What you need to know:
- The country now is the global record setter with majority
MPs being women
Rwanda’s newly elected Members of Parliament voted in the first ever woman Speaker today, setting a record as the first female-majority parliament in the whole world.
Ms Mukantabama Rose, representative of Kigali city beat Mr Mukama Abbas the only male contesting for the same post with 70 votes to become the leader of Rwanda’s Chamber of Deputies.
The ceremony was presided over by President Paul Kagame.
Monday’s swearing in ceremony in Kigali saw 45 women taking oath in the country’s bicameral parliament of 80 Deputies.
After last month’s parliamentary elections, the tiny East African country will after the swearing in ceremony, officially become the first nation in the world to elect a majority of women to its legislative assembly.
Fourteen years after the genocide, Rwanda’s established constitution adopted after a referendum held in 2003 guarantees 30 per cent quota of the 80 seats in the Chamber of Deputies, for women.
In last month’s elections, an unprecedented 20 of the 53 seats went to women after the ruling RPF party headed by President Kagame, endorsed 35 female candidates in an inter-party coalition.
The official opposition parties including the Social Democratic Party (PSD) and the Liberal Party (PL) also fielded women for the polls.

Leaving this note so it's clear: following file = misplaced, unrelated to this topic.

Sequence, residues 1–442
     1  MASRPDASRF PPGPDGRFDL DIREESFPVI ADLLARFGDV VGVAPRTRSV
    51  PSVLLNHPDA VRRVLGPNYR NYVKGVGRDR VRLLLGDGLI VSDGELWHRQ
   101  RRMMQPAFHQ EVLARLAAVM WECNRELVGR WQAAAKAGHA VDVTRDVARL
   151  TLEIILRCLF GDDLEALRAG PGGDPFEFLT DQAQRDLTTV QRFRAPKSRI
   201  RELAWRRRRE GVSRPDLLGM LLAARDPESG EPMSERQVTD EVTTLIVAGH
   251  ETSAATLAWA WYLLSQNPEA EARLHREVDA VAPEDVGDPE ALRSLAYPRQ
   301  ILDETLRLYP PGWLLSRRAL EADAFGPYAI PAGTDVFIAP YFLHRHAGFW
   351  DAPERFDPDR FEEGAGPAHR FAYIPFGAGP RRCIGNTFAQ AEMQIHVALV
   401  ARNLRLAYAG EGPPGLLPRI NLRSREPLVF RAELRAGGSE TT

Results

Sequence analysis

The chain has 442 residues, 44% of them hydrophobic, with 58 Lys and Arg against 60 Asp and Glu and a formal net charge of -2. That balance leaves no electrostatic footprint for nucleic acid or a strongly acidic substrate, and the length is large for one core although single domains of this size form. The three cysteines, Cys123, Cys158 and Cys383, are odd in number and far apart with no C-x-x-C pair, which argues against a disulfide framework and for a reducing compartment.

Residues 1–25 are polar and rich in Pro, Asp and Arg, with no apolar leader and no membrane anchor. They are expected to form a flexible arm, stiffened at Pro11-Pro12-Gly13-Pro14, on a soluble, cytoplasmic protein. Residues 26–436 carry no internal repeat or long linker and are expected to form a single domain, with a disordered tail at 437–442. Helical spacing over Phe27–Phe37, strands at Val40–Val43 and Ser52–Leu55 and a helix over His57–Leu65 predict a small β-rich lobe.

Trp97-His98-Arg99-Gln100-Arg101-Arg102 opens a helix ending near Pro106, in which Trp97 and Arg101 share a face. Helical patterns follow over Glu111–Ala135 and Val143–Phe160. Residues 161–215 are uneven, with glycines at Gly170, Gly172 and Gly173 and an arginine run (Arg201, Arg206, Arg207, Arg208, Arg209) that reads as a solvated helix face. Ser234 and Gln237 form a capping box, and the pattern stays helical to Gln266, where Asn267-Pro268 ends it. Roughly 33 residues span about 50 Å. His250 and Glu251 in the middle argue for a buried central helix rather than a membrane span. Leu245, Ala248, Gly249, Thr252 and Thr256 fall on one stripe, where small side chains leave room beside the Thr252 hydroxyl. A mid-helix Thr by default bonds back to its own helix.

One of two seats reserved for youth also went to a woman.
This was interpreted by Rwanda’s National Electoral Commission (NEC) to mean that 98 per cent of Rwandan voters opted for a 56 per cent representation of women in parliament making it the largest number of female MPs in a single legislative assembly.
Though on average women constitute only 17.0 per cent of representatives in parliaments across the world, the Rwandan situation was last week hailed by both the African Union (AU) and United Nation (UN) as a milestone in the world of female politics.
Met the quota
The AU secretariat said that Rwanda’s elections made the tiny East African country the first in Africa to meet the 50 per quota as stipulated in the AU’s Protocol to the African Charter on Rights of Women in Africa.
The Inter-Parliamentary Union, which advised Rwandans on how to write a ‘gender-sensitive’ constitution, also reportedly said that, “No other country is doing what Rwanda is doing to bring women into the political process.”
Today, women in Rwanda also account for 36 per cent of President Paul Kagame’s Cabinet, holding the top jobs in the ministries of commerce, agriculture, infrastructure, foreign affairs and information.
This is something that won Rwanda’s President Paul Kagame accolade of the African Gender Award in Dakar, Senegal in 2007.
NEC’s Chairman Prof Chrysologue Karangwa says: “Since 1994 our country is really focusing on gender promotion. So in terms of gender promotion, when you have an increasing number of women, of course you are in a positive way implementing that policy.
That is why we are very pleased to see that the number of women in our parliament is increasing.”